The progressive movement brought in the money to close the fundraising gap. We brought in the message that the war in Iraq was not a good idea. We repeatedly stood up to both Republicans and the established media when even Democrats themselves wouldn't. We unearthed numerous Republican scandals. We built an alternative media empire on a shoestring budget so the progressive and Democratic message could directly reach millions of rank and file Democrats every single day. We fired up the base and kept them eager to vote, not the leadership. We stood up to "progressive" advocacy organizations who were selling out their members. We stood up to corruption and conflicts of interest in our own caucus. We fought tooth and nail against voter suppression of every kind. We brought in the hundreds of thousands of new activists for campaigns and we took over tens of thousands of vacated party offices and precinct captainships around the nation. We looked for a candidate to run in every single race in the entire country. We always supported the Democratic nominee once the primary was over, which our own leadership most definitely did not do. We fought for all Democrats, progressives, moderates, conservatives, and libertarians--even when others refused to do just that.I agree. I have never been prouder to be a member of this movement. To be honest, this is the first election that I've busted my ass for that wasn't a losing effort. I mean, it was in the races I was intimately involved in*, but by and large, as a progressive, fighting for progressive control of Congress, we won. I helped us win. So did you. It feels good finally to say that.
*Thanks, Rahm, (again) for throwing away $3 million to fund a candidate with no original local backing in my district, all because Christine Cegelis was too liberal for ya. Paid off well, didn't it?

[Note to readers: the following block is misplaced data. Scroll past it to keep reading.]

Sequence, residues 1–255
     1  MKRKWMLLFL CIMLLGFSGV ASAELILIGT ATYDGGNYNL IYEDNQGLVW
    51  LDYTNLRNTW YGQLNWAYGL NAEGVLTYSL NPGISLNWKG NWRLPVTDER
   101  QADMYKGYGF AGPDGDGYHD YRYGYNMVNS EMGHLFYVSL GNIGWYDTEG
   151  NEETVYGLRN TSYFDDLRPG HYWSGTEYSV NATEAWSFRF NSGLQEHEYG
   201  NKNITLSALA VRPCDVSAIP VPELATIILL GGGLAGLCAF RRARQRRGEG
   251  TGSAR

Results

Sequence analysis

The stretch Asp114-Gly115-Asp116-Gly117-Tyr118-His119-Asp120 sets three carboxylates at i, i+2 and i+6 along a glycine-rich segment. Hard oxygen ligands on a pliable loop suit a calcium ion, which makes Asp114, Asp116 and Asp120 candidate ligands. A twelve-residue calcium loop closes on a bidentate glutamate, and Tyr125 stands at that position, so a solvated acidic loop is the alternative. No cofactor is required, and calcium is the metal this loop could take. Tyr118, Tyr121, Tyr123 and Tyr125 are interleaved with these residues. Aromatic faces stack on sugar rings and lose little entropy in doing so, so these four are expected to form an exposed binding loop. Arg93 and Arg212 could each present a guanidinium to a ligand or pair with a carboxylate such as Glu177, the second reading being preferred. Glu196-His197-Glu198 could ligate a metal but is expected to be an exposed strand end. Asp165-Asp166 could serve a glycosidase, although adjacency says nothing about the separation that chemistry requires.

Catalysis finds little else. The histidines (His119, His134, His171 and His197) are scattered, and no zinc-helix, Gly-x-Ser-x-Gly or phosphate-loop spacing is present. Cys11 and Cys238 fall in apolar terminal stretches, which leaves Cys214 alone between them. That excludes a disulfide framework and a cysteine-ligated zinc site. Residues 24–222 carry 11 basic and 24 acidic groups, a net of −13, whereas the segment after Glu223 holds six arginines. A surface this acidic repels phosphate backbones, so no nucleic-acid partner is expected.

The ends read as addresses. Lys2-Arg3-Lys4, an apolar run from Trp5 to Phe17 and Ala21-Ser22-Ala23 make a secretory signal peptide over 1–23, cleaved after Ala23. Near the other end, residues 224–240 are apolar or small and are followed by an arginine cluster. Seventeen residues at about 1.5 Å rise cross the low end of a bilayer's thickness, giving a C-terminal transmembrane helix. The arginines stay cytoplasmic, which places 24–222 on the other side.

And while I'm at it, Chris' larger point in that post is that the professional election-masters have all failed us. Each of the defining points of htis election came straight from the Democratic base and netroots, not the upper echeclon. They deserve little credit for this, except for Howard Dean, who had the foresight to start organizing all over the country and not just in districts where we already win.
Tuesday, November 07, 2006
Folks, if the pigs who are awash in cash aren't coughing enough for their employees to share in wartime profits, we're all screwed.
Monday, November 06, 2006
Sunday, November 05, 2006
Dr. Dean nails it. Dr. Mrsinallmyyears and I voted already, and I cast my ballot for all the Greens at the top of the Illinois ticket as well as Mrs. Duckworth. The reason I voted for the Greens is simple. Rod Blagojevich is going to win anyway, and there's no risk my vote will throw it to the Republicans. On the other hand, Rod is truly an execrable politican. Many of the Democrats are hideously corrupt in the Chicago area. The Greens present a better alternative for a political outlook.
I voted on an electronic machine, but it had a paper ballot.
It was fun. I'm glad I did it. You should too.